Almost time for this guy to be hibernating somewhere higher than under our deck. It’s been four days now and he/she is still hanging out. It should be a deterrent for the homeless guys in the park coming our direction.
On the recreation/adventure front I can now add spelunking to the list of things I’ve tried and probably won’t do too much more. The one thing I was instantly reminded of was that caves, like mines, are always about 58° inside which was definitely warmer than it was outside. I didn’t even know we had caves around this region, but I was reminded that caves can form anywhere there are large limestone formations and a source of water. Bell’s Cave is only several hundred meters off off two roads that I travel often. It’s known to the underground cognoscenti as a “sacrificial cave”, meaning it’s location is fairly common knowledge, it’s not too difficult and it’s a good place for newbies to visit. All the interesting artifacts have been stolen or removed so there is nothing that the would be tampered with. I now know there must be many more caves that only the “in crowd” visits because they don’t want the mystery and magic destroyed by the likes of guys like me.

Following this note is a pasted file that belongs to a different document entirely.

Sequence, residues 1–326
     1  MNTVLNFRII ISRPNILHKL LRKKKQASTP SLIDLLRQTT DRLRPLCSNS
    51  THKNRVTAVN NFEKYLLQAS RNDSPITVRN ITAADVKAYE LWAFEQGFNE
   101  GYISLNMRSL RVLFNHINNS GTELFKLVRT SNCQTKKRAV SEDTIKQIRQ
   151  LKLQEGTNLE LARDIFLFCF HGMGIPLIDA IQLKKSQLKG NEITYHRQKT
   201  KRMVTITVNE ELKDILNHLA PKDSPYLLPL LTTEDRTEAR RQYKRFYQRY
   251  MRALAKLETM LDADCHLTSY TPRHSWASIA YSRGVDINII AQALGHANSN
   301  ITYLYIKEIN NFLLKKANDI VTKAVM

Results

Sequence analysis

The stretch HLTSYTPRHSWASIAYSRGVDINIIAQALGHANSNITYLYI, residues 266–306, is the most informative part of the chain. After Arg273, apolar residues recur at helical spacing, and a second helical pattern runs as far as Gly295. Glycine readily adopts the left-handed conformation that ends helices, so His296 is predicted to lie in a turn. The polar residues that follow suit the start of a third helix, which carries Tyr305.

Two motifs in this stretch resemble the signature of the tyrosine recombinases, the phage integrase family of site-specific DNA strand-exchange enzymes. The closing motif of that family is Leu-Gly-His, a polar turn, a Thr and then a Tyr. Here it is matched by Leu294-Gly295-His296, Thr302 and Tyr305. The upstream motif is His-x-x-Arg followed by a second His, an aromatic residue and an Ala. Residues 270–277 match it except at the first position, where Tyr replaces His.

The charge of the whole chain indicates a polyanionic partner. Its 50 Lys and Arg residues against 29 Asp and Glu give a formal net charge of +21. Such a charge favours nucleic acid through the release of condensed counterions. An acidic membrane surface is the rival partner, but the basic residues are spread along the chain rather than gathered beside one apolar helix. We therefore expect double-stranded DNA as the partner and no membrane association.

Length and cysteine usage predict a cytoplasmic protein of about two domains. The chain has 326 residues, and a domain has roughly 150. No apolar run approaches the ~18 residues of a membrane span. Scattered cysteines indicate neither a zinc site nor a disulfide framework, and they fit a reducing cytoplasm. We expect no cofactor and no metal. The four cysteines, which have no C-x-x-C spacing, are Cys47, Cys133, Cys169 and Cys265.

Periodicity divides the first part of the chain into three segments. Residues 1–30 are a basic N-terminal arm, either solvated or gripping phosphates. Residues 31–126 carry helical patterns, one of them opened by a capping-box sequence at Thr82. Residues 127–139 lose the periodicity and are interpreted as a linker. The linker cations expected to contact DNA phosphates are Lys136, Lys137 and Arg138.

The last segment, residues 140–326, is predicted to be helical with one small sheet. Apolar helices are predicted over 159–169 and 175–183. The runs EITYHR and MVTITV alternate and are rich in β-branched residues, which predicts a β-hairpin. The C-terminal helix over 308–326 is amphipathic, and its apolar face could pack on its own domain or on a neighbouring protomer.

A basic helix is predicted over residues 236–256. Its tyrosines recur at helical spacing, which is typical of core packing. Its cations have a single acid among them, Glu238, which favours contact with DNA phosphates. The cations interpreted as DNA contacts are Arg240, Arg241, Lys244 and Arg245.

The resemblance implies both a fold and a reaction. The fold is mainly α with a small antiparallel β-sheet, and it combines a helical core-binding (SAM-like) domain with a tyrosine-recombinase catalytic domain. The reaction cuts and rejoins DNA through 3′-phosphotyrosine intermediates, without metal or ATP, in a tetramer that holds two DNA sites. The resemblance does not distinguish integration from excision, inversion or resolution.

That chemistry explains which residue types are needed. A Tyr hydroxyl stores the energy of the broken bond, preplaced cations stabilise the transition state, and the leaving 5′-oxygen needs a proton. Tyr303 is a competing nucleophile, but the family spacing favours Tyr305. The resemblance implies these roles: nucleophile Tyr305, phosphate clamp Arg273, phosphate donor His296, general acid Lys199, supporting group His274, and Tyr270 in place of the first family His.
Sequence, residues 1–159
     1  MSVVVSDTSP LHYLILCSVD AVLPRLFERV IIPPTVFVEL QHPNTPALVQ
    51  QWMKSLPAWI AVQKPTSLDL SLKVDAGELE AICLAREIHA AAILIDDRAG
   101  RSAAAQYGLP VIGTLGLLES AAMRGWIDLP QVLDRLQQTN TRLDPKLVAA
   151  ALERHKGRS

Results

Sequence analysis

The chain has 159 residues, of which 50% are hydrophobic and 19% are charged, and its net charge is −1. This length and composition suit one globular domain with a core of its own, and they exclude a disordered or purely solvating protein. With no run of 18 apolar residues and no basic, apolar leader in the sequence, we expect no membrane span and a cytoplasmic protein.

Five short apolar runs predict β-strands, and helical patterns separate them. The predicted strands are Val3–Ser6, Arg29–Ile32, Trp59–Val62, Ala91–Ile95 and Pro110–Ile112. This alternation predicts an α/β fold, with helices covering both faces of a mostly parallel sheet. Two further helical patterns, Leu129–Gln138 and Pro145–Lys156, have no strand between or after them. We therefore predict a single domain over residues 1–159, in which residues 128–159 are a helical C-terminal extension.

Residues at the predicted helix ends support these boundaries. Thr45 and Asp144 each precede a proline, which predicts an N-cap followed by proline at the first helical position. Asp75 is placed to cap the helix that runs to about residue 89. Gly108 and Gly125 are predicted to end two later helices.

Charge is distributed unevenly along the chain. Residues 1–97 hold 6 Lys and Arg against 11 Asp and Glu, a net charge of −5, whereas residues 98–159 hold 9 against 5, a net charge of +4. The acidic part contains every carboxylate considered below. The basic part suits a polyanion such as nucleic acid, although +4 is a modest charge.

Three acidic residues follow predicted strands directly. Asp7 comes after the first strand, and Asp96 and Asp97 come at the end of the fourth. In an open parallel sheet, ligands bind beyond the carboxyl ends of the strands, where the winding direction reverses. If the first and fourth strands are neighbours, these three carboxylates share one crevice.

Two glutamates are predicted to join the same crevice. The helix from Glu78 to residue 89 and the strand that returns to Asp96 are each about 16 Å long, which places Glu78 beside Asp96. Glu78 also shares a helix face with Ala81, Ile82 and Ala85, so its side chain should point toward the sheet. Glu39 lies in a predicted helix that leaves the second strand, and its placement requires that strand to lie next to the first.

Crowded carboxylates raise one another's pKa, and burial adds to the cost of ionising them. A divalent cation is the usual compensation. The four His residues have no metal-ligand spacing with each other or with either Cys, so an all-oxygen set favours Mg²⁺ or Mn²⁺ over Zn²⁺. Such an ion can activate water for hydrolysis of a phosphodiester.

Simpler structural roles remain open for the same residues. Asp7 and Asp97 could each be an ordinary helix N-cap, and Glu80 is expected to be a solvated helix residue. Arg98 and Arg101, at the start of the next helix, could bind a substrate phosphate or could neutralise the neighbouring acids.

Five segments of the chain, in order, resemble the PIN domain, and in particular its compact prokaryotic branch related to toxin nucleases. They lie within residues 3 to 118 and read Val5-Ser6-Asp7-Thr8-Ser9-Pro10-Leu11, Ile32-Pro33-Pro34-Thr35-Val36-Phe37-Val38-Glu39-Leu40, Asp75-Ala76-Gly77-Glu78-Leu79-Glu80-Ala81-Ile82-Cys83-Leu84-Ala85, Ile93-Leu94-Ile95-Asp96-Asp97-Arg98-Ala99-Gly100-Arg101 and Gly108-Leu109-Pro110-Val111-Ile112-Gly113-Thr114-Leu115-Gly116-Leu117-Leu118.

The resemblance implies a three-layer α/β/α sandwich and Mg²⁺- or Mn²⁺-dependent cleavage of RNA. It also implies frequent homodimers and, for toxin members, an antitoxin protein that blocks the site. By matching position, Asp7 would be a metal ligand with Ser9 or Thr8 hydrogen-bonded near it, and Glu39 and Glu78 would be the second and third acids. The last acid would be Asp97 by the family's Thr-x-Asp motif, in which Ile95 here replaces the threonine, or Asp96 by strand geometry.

Bell’s cave is plenty for a newbie, because there is lots of bouldering, shimmying, crawling and craggy formations to maneuver around. Fortunately there was about 100 feet in a yellow surveyors line strung out showing which way to crawl, climb or drop. I recon we only went a 150 yards or more, but it took us over an hour to go in and back out. If I’d had the bike LED light I’d used for the Southern Tier ride that cave would have been much more interesting. The LED headlamps were fine but only enough light to see where to put your hands and feet. This cave was well trampled and fortunately not wet at this time.